Prada latest label to target China market
Miuccia Prada has already won plaudits for her spring/summer 2011 collection -- simply-cut dresses and suits in a quirky mix of stripes and solids, with bold splashes of orange, violet and electric blue.
But by displaying the clothes on a runway in Beijing on Saturday evening, her first catwalk show outside Europe, and adding a few looks from her spring menswear line, the Italian designer signalled her focus on China's huge market.
Actresses Gong Li and Maggie Cheung added a bit of high-wattage star power to the show at the Central Academy of Fine Arts museum -- a surefire way to maximise local media coverage and get the Prada message to the masses.
China is the world's fastest-growing market for luxury goods and is forecast to be the world's top buyer of such products -- cosmetics, handbags, watches, shoes and clothes -- by 2015, according to consultancy Price Waterhouse Coopers.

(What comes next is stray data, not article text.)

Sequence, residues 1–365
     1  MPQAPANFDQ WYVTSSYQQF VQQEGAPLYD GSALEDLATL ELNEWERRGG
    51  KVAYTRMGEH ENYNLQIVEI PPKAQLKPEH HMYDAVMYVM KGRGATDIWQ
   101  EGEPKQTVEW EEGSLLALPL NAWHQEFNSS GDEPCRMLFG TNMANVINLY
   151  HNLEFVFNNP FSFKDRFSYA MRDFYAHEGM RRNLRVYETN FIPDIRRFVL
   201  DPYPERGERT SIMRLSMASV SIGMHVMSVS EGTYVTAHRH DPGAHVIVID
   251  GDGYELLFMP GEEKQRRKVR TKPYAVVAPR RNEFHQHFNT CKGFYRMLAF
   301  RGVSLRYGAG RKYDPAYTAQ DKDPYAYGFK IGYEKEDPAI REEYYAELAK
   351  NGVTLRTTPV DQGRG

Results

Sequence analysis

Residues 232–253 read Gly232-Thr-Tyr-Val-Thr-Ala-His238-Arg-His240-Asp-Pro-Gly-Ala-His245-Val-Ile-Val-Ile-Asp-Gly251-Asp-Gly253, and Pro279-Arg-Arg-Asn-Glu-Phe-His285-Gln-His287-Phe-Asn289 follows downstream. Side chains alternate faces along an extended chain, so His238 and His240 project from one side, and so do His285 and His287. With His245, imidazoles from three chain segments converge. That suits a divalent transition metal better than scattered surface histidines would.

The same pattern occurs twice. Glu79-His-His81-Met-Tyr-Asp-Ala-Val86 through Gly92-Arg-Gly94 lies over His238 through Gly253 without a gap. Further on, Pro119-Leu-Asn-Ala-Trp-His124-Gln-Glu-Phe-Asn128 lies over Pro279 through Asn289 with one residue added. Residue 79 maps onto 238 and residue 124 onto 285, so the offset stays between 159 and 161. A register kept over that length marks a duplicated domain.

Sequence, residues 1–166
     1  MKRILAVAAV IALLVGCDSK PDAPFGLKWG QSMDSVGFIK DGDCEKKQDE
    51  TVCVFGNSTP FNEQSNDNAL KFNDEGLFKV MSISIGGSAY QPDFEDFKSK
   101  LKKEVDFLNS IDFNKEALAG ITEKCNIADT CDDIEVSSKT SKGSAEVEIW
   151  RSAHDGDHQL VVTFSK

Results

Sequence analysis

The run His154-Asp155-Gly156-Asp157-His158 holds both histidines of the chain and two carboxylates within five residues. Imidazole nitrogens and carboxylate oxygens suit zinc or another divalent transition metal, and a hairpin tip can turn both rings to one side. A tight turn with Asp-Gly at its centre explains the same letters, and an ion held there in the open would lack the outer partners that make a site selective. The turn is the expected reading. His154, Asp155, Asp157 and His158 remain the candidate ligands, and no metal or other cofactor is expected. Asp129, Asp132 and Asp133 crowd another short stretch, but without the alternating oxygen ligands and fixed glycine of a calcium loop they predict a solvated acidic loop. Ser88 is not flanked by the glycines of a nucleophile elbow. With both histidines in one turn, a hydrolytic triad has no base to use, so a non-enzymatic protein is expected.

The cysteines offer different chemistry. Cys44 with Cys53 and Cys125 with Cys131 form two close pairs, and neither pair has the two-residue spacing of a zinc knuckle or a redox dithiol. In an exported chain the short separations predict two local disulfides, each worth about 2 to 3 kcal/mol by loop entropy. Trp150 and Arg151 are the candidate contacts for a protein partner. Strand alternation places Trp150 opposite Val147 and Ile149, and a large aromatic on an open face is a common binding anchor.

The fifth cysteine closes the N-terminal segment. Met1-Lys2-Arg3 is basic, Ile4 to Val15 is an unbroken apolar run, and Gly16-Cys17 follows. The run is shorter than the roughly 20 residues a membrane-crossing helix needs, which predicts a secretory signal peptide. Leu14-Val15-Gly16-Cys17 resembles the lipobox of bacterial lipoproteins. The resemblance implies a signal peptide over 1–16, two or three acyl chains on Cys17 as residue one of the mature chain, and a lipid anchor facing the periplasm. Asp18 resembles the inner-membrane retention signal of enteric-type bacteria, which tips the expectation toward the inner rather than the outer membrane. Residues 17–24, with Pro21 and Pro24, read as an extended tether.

Sales of luxury goods in mainland China totalled $10.3 billion in 2009, up 14 percent from the year before, according to Bain and Company. When purchases by Chinese citizens abroad are factored in, the market was worth $23.7 billion.
Like many Western fashion brands, Prada is already established in China, with at least 15 stores in operation and plans for nearly 30 more by the end of 2012. It has also announced it will open a design studio in Hong Kong in 2011.
But luxury goods analysts say foreign firms have only scratched the surface of the market's vast potential, which is based on the country's population of 1.3 billion and the mounting wealth of an ever-growing middle class.
"In China, we consider that luxury is still in a pure recruitment phase," HSBC analyst Erwan Rambourg told AFP, explaining that 90 percent of Chinese buyers are newcomers to a brand, while the rest are repeat customers.
"It is still a very underpenetrated market."
The Milan-based family-owned Prada, which is rumoured to be considering a market listing in Hong Kong, is of course not the first fashion powerhouse to stage a major event in China to lure more customers to the cash register.